Domesticity and dignity designed into London homeless shelter by Holland Harvey

Homeless charity Shelter From The Storm have a new shelter, headquarters and cafe in London designed by Harvey Holland Architects.
Homeless charity Shelter From The Storm have a new shelter, headquarters and cafe in London designed by Harvey Holland Architects
(Image credit: Photography: Nicholas Worley)

Holland Harvey Architects is behind the redevelopment of a disused supermarket in London into a new homeless shelter and headquarters for charity Shelter From The Storm (SFTS). As well as room for 42 people to sleep, eat and recover, the new location offered up the opportunity for a community café that through its generous façade and inviting design, also aims to bring more transparency to the pressing issue of homelessness in London.

The east London based architects, who cut their teeth working on inventive residential renovations and cosy café interiors, were an ideal for the SFTS project. They based their design on the principles of ‘sensitivity, domesticity and warmth’ – thinking about the experience of someone entering the shelter for the first time.

The approach and journey through the shelter was carefully considered to enhance dignity and sense of ownership. The door to the shelter is set apart from the café entrance. It’s a small red door that is discreet, yet welcoming, evocative of the front door of a normal house in London.

Holland Harvey architects cafe

(Image credit: Photography: Nicholas Worley)

It was important for the interior scale to be domestic, like a home would be, and that the plan of the architecture would feel well-considered. Stepping inside, the first entry space is small, flanked by a private room that is flexible in purpose for anything from taking a quite moment, a phone call, or changing clothes. Next, an open kitchen and dining area open up, welcoming people into the heart of the shelter which provides freshly cooked meals and holistic support to all.

SFTS provides 42 beds within the shelter. The bedrooms are based on the design of what you might find in a typical home – with separate sinks and mirrors providing guests with a private space away from the communal zones.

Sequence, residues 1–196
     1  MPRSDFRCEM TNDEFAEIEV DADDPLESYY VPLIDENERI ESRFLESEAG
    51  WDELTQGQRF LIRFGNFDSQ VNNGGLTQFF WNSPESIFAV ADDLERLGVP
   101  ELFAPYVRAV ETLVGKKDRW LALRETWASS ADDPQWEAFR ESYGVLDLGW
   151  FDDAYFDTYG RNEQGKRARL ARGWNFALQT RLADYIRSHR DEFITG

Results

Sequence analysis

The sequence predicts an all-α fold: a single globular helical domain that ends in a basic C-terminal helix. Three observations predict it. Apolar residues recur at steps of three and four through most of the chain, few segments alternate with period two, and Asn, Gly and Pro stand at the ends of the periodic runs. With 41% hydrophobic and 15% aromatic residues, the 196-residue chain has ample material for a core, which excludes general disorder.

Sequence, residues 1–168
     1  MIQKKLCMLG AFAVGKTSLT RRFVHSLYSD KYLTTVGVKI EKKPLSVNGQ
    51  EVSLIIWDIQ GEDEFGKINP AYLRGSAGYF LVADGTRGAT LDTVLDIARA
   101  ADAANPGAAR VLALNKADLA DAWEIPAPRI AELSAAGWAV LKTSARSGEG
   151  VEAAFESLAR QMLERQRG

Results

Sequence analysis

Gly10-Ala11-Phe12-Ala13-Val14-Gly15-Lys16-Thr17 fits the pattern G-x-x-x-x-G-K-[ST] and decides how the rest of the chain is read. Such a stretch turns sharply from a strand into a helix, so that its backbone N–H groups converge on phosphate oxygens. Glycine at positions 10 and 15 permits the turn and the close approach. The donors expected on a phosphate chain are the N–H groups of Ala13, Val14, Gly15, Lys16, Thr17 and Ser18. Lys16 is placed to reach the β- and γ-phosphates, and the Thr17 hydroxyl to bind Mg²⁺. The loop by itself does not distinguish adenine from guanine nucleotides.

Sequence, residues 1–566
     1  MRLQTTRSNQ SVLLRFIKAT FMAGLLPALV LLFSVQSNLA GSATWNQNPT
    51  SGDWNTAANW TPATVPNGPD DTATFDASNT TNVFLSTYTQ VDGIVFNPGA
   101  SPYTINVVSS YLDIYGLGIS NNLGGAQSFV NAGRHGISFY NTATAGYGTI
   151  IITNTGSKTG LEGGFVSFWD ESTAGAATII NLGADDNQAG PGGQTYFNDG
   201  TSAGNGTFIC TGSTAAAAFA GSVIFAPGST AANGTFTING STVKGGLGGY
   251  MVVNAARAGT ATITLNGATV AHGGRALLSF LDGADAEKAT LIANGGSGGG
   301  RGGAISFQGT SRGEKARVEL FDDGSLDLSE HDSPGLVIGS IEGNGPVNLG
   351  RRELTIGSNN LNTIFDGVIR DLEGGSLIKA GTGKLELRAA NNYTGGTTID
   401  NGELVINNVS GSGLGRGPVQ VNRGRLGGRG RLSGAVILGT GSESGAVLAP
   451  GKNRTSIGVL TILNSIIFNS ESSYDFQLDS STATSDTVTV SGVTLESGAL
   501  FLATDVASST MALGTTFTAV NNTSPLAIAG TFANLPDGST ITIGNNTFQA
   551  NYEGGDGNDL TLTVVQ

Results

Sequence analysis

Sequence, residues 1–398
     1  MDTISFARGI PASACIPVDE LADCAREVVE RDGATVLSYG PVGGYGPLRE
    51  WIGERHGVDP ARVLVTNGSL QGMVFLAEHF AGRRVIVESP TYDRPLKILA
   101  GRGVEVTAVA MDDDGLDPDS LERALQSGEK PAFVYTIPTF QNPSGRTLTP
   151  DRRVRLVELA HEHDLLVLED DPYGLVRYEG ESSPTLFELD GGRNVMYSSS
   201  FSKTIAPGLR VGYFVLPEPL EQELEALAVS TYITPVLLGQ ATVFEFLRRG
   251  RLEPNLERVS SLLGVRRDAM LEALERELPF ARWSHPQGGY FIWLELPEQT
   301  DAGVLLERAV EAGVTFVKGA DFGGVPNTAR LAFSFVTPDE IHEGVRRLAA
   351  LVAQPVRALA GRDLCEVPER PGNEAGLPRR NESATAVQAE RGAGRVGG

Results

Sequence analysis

The café design is similarly welcoming, with its open frontage, hanging plants, globe lights, coloured tiles and exposed concrete. It’s a space where everyone can feel comfortable, and it is linked to the shelter and charity headquarters through internal windows, that aim to bring transparency to the work of SFTS, demystify homelessness and start new conversations in the community.

Pink tiles in the cafe

(Image credit: Photography: Nicholas Worley)

Holland Harvey

(Image credit: Photography: Nicholas Worley)

The community cafe for Shelter from the Storm

(Image credit: Photography: Nicholas Worley)

Bathrooms with white tiles

(Image credit: Photography: Nicholas Worley)

Pink tiles and exposed concrete

(Image credit: Photography: Nicholas Worley)


Harriet Thorpe is a writer, journalist and editor covering architecture, design and culture, with particular interest in sustainability, 20th-century architecture and community. After studying History of Art at the School of Oriental and African Studies (SOAS) and Journalism at City University in London, she developed her interest in architecture working at Wallpaper* magazine and today contributes to Wallpaper*, The World of Interiors and Icon magazine, amongst other titles. She is author of The Sustainable City (2022, Hoxton Mini Press), a book about sustainable architecture in London, and the Modern Cambridge Map (2023, Blue Crow Media), a map of 20th-century architecture in Cambridge, the city where she grew up.